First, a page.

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in the public life; the other can be called the philosophical ideal, which at the same time has got to do with perfection, be it in ethics or arts; both aspects persist today and they are especially relevant in the pluralist democratic society.

About the Author


Dr. Tansu Acik University of Ankara, Turkey

63

EDITORS

Tom Nairn, The Globalism Institute, RMIT University, Australia. Mary Kalantzis, University of Illinois, Urbana-Champaign, USA.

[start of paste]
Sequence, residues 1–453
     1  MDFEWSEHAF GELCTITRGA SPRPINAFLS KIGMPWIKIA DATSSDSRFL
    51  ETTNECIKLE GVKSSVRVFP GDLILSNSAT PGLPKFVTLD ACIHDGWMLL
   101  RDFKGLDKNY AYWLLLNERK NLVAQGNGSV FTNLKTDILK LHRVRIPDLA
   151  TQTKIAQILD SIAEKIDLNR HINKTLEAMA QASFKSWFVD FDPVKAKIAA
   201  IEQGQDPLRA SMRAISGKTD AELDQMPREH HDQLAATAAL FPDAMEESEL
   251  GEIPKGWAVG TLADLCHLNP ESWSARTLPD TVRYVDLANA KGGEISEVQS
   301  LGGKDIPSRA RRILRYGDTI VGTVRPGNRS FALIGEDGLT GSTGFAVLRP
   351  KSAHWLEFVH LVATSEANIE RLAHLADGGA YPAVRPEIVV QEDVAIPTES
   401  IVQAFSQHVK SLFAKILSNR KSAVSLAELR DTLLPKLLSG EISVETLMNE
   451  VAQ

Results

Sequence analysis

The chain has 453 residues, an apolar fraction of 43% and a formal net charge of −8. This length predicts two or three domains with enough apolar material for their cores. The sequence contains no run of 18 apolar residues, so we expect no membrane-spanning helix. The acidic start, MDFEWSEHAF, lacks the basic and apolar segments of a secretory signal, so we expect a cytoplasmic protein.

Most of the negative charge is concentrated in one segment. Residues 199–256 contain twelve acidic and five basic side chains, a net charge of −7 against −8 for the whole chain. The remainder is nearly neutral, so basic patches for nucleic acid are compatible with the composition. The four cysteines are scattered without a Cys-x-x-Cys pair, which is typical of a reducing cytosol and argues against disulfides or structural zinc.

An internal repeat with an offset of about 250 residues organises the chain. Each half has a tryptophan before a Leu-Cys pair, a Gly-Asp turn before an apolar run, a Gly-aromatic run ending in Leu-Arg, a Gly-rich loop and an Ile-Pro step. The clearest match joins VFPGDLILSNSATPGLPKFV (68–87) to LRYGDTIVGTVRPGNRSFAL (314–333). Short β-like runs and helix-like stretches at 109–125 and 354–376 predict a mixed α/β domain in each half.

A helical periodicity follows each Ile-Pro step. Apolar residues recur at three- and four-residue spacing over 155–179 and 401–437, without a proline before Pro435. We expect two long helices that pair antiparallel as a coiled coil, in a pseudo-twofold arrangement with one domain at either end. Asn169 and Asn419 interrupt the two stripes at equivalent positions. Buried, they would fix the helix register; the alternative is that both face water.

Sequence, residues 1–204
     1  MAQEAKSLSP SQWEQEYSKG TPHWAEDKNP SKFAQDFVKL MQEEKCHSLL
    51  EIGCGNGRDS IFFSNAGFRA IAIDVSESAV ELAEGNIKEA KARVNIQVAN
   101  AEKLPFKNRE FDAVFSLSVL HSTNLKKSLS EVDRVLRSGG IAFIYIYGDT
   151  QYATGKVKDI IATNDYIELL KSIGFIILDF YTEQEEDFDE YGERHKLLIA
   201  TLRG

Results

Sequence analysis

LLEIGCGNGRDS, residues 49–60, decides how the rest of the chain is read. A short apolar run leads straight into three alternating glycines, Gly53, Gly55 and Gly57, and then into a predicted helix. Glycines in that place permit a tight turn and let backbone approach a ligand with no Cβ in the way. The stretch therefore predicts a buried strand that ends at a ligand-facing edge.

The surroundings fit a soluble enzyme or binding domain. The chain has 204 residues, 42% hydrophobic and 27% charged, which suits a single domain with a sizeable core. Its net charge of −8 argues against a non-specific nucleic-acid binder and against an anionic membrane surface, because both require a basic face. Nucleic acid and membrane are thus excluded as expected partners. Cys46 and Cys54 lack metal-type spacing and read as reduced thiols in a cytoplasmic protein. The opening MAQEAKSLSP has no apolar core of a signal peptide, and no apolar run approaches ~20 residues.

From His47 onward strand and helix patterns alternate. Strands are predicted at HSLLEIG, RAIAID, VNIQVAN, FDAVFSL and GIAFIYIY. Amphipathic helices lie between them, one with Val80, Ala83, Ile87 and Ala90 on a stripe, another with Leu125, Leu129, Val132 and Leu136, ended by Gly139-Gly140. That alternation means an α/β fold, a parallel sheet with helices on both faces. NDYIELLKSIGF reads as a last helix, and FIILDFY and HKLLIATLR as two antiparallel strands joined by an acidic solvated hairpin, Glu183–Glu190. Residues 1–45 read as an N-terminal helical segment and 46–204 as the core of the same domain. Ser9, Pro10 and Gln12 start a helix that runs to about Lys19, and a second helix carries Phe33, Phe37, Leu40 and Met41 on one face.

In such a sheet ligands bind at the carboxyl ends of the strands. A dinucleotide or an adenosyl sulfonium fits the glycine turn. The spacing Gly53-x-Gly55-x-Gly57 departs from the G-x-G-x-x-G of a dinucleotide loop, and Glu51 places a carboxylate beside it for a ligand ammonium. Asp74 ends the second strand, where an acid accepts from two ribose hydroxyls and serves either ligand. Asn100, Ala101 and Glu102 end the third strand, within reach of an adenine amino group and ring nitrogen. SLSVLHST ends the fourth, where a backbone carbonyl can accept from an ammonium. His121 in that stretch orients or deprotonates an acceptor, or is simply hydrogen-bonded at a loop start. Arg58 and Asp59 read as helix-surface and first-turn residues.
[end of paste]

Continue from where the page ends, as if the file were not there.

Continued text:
EDITORIAL ADVISORY BOARD Patrick Baert, Cambridge University, Cambridge, UK. David Christian, San Diego State University, San Diego, USA. Bill Cope, University of Illinois, Urbana-Champaign, USA. Joan Copjec, State University of New York, Buffalo, USA. Alice Craven, American University of Paris, Paris, France. Michel Demyen, University of Victoria, Victoria, Canada. Elizabeth DePoy, University of Maine, Orono, USA Mick Dodson, Australian National University, Canberra, Australia. Oliver Feltham, American University of Paris, Paris, France. Clyde R. Forsberg Jr., Oxford College/Aletheia University, Tamsui, Taiwan. Stephen French Gilson, University of Maine, Orono, USA. Hafedh Halila, Institut Suprieur des Langues de Tunis, Tunis, Tunisia. Souad Halila, University of Tunis, Tunis, Tunisia. Hassan Hanafi Hassanien, Cairo University, Cairo, Egypt. Ted Honderich, University College, London, UK. Paul James, Globalism Institute, RMIT University, Melbourne, Australia. Moncef Jazzar, Institut Suprieur des Langues de Tunis, Tunis, Tunisia. Eleni Karantzola, University of the Aegean, Rhodes, Greece. Krishan Kumar, University of Virginia, Charlottesville, USA. Ayat Labadi, Institut Suprieur des Langues de Tunis, Tunis, Tunisia. Marion Ledwig, University of Nevada, Las Vegas, USA. Greg Levine, Macquarie University, Sydney, Australia. Harry R. Lewis, Harvard University, Cambridge, USA. Fethi Mansouri, Institute for Citizenship & Globalization, Deakin University, Melbourne, Australia. Juliet Mitchell, Cambridge University, Cambridge, UK. Nahid Mozaffari, New York, USA. Nikos Papastergiadis, University of Melbourne, Melbourne, Australia. Robert Pascoe, Victoria University, Melbourne, Australia. Scott Schaffer, University of Western Ontario, London, Canada. Jeffrey T. Schnapp, Stanford University, Stanford, USA. Gayatri Chakravorty Spivak, Columbia University, New York, USA. Bassam Tibi, University of Goettingen, Goettingen, Germany and Cornell University, Ithaca, USA. Giorgos Tsiakalos, Aristotle University of Thessaloniki, Thessaloniki, Greece. Siva Vaidhyanathan, University of Virginia, Charlottesville, USA. Cheryl A. Wells, University of Wyoming, Laramie, USA. Zhang Zhiqiang, Nanjing University, Nanjing, Peoples Republic of China. Chris Ziguras, Globalism Institute, RMIT University, Melbourne, Australia.